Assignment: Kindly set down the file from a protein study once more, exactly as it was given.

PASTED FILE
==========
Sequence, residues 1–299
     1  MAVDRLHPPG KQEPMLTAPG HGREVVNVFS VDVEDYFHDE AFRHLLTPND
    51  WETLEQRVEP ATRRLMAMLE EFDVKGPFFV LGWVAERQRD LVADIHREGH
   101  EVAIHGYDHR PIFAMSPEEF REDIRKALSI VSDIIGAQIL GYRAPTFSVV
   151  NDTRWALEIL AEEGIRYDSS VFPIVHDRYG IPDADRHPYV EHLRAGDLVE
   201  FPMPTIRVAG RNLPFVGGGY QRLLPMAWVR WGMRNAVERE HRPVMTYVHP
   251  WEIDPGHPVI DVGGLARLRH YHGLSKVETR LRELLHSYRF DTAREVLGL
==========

Sequence, residues 1–299
     1  MAVDRLHPPG KQEPMLTAPG HGREVVNVFS VDVEDYFHDE AFRHLLTPND
    51  WETLEQRVEP ATRRLMAMLE EFDVKGPFFV LGWVAERQRD LVADIHREGH
   101  EVAIHGYDHR PIFAMSPEEF REDIRKALSI VSDIIGAQIL GYRAPTFSVV
   151  NDTRWALEIL AEEGIRYDSS VFPIVHDRYG IPDADRHPYV EHLRAGDLVE
   201  FPMPTIRVAG RNLPFVGGGY QRLLPMAWVR WGMRNAVERE HRPVMTYVHP
   251  WEIDPGHPVI DVGGLARLRH YHGLSKVETR LRELLHSYRF DTAREVLGL